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Boarding dilemma

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  • #21
    Maybe this is a crazy idea, but couldn't you strap the mats to the top of your fiesta? maybe use pool noodles or even a blanket to protect the paint, get a few ratchet straps, roll down the windows and loop the straps through. Its a little hillbilly, but as long as you stay off major highways, it might do the trick.

    I think your current situation is the best if you can address the stall issue.

    Comment


    • #22
      I would move him to your friend's house and get him off those concrete floors. I ran a co-op in a barn with concrete floors back in the 1980s, before we even knew about mats as an option where I lived. We bedded very thick and the horses were out from dawn til dusk, but I never liked it for flooring.

      If you move your horse to your friend's place, if he doesn't sell right away, at least he'll be in a nice arrangement with plenty of t/o and other horses which beats standing on concrete for 18 hours a day. You'll have a place to ride and a 45 minute drive isn't all that bad. I drive an hour 4 days a week to to be with my horse but it's worth it because the boarding arrangement is the best for his needs. If you have a good book on tape or good music, it's not bad at all. Good luck with your decision.

      Comment


      • #23
        I used to work at a place in the UK which had hard stone floors. It was a very old & well known/respected with highest BHS ratings riding centre. They used very thick straw bedding. The horses were fine and not one of ~20 was lame from it. Having said that, if you cannot address the issue with more appropriate bedding or mats, I would probably move to #3. I cannot see sawdust/shavings ever being ok for concrete - it would have to be extremely thick. No turnout is not fair for your horse, which rules out #2 unless she can do a geldings only turnout for him. It may be worth asking as lots of barns separate mares and geldings - all the ones I've ridden/boarded at recently do.

        As for selling him, as I said, I really don't think you should advertise a lame horse anyway because how do you plan to show him to potential buyers? If he were mine I'd move him to place #3 if you cant sort out the bedding at current place and give him time to truly be sound, get him fit again, then think about advertising.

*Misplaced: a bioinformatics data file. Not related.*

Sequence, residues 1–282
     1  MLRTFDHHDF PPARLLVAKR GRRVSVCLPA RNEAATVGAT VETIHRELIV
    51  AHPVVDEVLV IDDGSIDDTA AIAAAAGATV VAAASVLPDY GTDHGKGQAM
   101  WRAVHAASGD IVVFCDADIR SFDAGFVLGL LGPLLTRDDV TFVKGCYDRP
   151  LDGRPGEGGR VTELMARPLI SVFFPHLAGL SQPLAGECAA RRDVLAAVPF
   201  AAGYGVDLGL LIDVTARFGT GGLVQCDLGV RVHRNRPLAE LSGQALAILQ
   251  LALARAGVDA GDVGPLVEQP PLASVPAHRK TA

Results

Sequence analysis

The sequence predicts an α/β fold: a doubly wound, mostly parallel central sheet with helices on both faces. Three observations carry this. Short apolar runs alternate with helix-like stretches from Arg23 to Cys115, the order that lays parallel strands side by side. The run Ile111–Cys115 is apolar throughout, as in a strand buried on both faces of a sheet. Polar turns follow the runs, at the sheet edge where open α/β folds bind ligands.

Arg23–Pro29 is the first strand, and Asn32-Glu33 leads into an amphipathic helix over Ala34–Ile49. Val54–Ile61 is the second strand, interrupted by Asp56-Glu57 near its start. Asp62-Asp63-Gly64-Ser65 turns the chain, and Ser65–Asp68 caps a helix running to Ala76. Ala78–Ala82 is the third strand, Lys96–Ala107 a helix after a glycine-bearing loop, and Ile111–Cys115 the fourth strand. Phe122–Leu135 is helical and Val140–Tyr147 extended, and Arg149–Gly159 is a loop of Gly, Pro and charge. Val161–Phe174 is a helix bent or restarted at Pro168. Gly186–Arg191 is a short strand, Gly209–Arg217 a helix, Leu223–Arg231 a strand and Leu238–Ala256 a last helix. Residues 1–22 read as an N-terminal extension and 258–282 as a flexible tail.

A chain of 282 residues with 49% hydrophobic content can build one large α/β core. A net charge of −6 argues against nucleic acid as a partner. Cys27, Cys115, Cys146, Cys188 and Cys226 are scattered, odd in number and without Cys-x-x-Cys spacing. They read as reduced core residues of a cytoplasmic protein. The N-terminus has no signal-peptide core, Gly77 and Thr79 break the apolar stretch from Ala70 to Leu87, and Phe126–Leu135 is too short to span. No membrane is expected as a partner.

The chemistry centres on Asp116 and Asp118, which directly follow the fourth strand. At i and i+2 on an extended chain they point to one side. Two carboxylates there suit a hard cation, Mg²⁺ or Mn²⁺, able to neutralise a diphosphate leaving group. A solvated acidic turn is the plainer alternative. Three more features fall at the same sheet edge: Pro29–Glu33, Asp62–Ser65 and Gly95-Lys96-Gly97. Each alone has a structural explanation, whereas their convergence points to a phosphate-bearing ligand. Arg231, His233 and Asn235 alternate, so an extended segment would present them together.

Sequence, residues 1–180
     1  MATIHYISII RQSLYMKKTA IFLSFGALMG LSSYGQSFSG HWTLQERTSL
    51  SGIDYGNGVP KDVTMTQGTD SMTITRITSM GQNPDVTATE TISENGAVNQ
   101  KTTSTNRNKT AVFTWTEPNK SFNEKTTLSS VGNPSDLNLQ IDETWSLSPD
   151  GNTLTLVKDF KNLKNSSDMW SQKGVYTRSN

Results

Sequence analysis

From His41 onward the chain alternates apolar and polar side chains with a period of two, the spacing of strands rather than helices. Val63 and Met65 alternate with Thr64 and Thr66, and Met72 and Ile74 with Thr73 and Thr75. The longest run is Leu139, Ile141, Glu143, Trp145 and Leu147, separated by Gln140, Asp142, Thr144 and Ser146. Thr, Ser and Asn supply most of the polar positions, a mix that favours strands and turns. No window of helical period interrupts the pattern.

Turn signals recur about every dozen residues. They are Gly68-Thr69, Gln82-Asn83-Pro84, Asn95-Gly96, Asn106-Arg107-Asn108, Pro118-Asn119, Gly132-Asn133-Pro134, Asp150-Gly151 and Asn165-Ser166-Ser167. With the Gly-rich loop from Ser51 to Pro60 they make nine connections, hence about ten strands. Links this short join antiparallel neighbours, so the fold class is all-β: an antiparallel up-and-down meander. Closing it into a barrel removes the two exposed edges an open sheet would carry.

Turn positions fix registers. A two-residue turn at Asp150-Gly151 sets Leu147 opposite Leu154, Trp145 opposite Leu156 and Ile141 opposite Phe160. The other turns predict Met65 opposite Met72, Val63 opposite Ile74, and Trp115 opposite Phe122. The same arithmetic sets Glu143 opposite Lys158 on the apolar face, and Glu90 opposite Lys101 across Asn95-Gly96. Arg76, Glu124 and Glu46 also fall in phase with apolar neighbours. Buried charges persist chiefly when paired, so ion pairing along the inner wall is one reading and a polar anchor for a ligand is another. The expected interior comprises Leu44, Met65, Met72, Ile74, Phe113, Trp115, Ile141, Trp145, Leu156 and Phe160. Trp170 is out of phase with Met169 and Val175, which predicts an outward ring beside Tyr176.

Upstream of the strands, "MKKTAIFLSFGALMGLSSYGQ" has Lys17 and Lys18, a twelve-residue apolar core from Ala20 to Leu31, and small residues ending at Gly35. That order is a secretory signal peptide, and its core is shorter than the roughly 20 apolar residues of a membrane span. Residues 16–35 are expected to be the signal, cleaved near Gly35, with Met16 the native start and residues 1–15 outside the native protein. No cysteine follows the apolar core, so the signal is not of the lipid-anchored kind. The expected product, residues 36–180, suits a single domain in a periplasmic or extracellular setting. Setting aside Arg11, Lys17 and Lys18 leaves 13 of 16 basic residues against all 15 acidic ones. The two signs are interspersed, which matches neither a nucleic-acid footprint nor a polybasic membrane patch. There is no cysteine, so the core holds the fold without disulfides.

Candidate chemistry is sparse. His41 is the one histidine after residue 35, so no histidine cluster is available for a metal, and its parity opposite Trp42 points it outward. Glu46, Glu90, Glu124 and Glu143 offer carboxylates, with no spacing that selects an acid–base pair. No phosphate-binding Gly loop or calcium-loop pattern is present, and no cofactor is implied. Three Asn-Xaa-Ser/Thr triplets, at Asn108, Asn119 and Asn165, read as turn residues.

"Choose to chance the rapids, and dare to dance the tides" - Garth Brooks
        "With your permission, dear, I'll take my fences one at a time" - Maggie Smith, Downton Abbey

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        • #24
          I don' know where you live but where I am I've matted my horse's stall twice since the barn rather skimped on shavings and floors were concrete - but horses did have lots of turnout.. I got pretty much standard type mats I think 4'x6' and for the stall size I think I had to get 4 mats @ $34 per mat. had mine delivered w/ the feed and there is no way I could've strapped them on my car and gotten them off - heavy and cumbersome..If your horse is having some soundness issues, then I'd take him to #3 for sure =- but depending on what the soundness issue is.. did that require him to be kept up for awhile, is more turnout what he needs or not You need to find out what's in his best interest for full recovery.. If more turnout will help his recovery then by all means option 3, if he should have less turnout keep him at barn 1 and invest in decent quality stall mats - pay extra to have them delivered or shipped to your barn w/ BM ok ( not sure why they wouldn't ok but need to check w/ them as courtesy) I would completely rule out barn 2

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          • #25
            18 hours in a stall? Is that what the vet recommended? That's an awfully long time to be in a stall every day. I would think that turnout would be beneficial for him but I don't know what the vet's final diagnosis and prescribed protocol is.

            Comment


            • #26
              Does barn 1 offer pasture turnout? Or paddock turnout 24/7?

              No way would 2 be an option. Barn 1 would definitely need mats. Uhauls rent for about 19.00 day.

              Comment

              • Original Poster

                #27
                Barn 1 does offer pasture board, however pasture board does not include feeding grain, and he needs grain to get his supplements. I asked the BO and she was very black and white about it, either he is on stall board and gets grain or he is on pasture board and gets no grain which would mean no supplements. I can't be there every day twice a day to feed him myself either.

                There was never a vet involved, that is how the barn operates. They turn out between 9 and 10 and bring them in around 4. I do believe that getting him off the concrete would help him a lot. He is however sound right now. Thankfully he didn't lose any condition, and he can sit for a couple of weeks and be the same horse after. I started putting the word out about him before he went lame. I have kind of known for a while now that this wasn't going to work out, but that's a long story.
                Maggie Bright, lovingly known as Skye and deeply missed (1994 - 2013)
                The Blog

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                • #28
                  I've managed to put a stall mat in a dodge omni. I'm sure if you really wanted to you could figure out how to get some stall mats to your horse. It sounds like you don't want to work too hard.

                  Comment


                  • #29
                    I see you've chosen to expand on the issue with your other thread.

                    Moving to option #3 might be the best for both of you right now.
                    Courageous Weenie Eventer Wannabe